Dr. Elisabetta Miserocchi is a consultant ophthalmologist, based at University Hospital San Raffaele Milan, Italy. After graduating with a medical degree from the University of Milan in 1996, Dr. Miserocchi completed a four-year residency in the Department of Ophthalmology at the San Raffaele Hospital, including a research fellowship at the Massachusetts Eye and Ear Infirmary, part of Harvard Medical School, Massachusetts, USA, with Dr. Stephen Foster.Her main areas of interest and activity are diagnosis and treatment of uveitis, pediatric uveitis associated with rheumatic diseases, ocular cicatricial pemphigoid, and herpetic ocular disease. Dr. Miserocchi is also currently participating in many international multicenter clinical trials on systemic immunosuppressive agents for non-infectious uveitis.Dr. Miserocchi is a member of the International Uveitis Study Group in 2014 and the American Uveitis Society. She is widely published in peer-reviewed journals and has presented her work at a number of national and international congresses; she was awarded the SOI-SOE Lecture at the Società Oftalmologica Italiana 2012 annual meeting in Rome for new treatments in non-infectious uveitis. Dr. Miserocchi has conducted research and applied new therapies to further the diagnosis and treatment of non-infectious uveitis.
Dr. Lorenzo Iuliano is a consultant ophthalmologist at the San Raffaele Scientific Institute of Milan, Italy. He graduated in 2010 at the Medical School of the Vita-Salute University of Milan and completed his five-year residency program in the Ophthalmology Department of the San Raffaele Scientific Institute of Milan, Italy. He is also a Fellow of the European Board of Ophthalmology.Dr. Iuliano’s main areas of interest are posterior segment diseases and uveitis, with a particular focus on vitreoretinal surgery. He is also currently participating as investigator in different international multicenter clinical trials on systemic immunosuppressive agents for non-infectious uveitis.Dr. Iuliano is also widely active in spontaneous clinical research, which results are widely published in peer-reviewed journals. He also presented his work in different national and international congresses.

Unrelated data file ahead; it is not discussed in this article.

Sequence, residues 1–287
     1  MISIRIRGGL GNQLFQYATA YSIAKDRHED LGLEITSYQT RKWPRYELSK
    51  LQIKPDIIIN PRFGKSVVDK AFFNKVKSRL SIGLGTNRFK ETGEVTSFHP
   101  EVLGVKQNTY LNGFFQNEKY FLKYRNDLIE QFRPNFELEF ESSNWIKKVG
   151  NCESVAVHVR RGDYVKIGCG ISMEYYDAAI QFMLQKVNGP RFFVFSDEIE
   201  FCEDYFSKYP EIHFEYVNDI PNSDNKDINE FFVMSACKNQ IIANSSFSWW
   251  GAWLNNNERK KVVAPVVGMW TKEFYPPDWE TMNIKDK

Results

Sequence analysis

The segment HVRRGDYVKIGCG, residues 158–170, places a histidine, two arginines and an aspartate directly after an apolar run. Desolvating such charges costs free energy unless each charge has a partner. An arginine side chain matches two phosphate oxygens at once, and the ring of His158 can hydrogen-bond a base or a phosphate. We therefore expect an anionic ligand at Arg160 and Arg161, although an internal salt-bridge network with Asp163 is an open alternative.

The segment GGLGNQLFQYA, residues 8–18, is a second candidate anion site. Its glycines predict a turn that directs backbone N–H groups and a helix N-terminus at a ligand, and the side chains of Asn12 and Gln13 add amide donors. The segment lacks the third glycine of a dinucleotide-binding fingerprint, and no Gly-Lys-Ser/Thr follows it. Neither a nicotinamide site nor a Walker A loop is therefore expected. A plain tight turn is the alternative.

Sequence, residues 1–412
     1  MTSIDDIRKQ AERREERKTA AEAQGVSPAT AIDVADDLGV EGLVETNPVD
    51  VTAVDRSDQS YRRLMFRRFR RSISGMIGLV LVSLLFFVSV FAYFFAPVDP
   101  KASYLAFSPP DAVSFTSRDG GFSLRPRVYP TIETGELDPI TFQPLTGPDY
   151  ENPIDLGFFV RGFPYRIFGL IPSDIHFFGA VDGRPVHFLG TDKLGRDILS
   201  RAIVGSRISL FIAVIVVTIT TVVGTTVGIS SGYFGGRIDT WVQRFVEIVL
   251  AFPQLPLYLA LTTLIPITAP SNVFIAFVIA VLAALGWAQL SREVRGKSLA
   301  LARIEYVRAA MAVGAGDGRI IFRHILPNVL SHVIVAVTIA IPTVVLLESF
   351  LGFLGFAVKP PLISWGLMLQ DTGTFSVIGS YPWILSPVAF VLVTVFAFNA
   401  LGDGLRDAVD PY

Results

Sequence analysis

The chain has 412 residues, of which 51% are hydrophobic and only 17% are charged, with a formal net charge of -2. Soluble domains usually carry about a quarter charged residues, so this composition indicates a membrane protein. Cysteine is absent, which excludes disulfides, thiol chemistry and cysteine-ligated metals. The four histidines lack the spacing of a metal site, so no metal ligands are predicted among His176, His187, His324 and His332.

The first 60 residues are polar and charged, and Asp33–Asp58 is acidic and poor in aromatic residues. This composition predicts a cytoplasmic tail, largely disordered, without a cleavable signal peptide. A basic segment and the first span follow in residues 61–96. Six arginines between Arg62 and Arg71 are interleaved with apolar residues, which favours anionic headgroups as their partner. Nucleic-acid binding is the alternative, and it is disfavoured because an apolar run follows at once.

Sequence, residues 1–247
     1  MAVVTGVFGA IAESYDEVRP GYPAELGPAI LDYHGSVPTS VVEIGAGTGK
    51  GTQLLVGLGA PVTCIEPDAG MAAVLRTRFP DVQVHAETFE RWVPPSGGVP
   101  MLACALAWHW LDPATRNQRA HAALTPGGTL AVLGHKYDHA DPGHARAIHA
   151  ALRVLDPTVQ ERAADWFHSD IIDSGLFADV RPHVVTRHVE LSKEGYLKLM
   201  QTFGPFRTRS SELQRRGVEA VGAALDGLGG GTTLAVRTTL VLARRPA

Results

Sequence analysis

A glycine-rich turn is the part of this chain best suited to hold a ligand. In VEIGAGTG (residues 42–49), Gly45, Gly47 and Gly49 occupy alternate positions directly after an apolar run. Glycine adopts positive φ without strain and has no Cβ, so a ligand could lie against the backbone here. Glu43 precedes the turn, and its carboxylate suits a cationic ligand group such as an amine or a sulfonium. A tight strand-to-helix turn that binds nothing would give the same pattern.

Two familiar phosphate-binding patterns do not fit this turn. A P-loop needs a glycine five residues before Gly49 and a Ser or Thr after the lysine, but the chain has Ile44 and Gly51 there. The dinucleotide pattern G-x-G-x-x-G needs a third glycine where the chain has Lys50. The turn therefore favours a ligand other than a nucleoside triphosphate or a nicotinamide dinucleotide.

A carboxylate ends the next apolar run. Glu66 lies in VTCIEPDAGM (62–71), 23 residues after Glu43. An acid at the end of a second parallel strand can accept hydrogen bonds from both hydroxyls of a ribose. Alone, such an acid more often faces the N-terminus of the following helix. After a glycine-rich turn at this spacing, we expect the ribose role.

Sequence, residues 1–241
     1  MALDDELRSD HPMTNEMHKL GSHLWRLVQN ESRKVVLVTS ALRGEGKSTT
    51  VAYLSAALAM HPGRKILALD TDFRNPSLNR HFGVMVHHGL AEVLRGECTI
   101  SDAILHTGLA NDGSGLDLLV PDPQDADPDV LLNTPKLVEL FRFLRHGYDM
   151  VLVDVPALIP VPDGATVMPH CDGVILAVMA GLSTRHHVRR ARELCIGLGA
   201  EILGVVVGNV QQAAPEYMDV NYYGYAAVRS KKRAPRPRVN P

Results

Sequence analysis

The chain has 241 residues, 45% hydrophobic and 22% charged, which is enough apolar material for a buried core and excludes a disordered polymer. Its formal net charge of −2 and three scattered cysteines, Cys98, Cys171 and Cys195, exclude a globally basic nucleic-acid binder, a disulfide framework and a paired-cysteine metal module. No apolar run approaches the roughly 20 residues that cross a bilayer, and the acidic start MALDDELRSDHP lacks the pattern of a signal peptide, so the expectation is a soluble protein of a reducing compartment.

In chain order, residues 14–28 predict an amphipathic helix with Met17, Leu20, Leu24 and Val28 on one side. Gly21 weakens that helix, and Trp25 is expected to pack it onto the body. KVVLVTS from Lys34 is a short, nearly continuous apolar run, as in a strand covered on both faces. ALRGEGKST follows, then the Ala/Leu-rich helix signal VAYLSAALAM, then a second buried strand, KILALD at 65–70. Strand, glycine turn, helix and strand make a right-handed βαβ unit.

Dr. Giulio Modorati is a senior consultant ophthalmologist, based at University Hospital San Raffaele Milan, Italy. Graduated with a medical degree from the University of Milan, Dr Modorati completed a four-year residency in the Department of Ophthalmology at the San Raffaele Hospital.Dr. Modorati’s main areas of interest and activity are diagnosis and treatment of uveitis, AIDS, ocular oncology, and dry eye diseases. He is also currently involved as principal investigator in many international multicenter clinical trials on systemic immunosuppressive agents for noninfectious uveitis and ocular tumors.Dr. Modorati is the Head of Ocular Oncology and Immunopathology Service at the San Raffaele Scientific Institute in Milan (Italy). He is widely published in peer-reviewed journals and has presented his work at a number of National and International Congresses.
Pyoderma gangrenosum, first described by Brocq  and named by Brunsting  in 1930, is a rare, ulcerating, neutrophilic dermatosis primarily affecting patients aged 25–54 years, without a clear gender predilection. Epidemiologic data establishing disease incidence have yet to be published [3, 4].
A pyoderma gangrenosum lesion typically starts as a tender nodule, plaque, or sterile pustule that enlarges and erodes, over a course of days, into a sharply marginated ulcer with undermined, violaceous borders and a surrounding zone of erythema; pain is a characteristic feature. The skin and subcutis become necrotic, creating a friable wound bed often with a hemorrhagic or purulent exudate, sometimes extending as deep as the muscle. Cribriform or “sieve-like” atrophic scars often form as the lesions heal. Lesions typically are multiple and recurrent and tend to occur at areas of trauma, a process known as pathergy.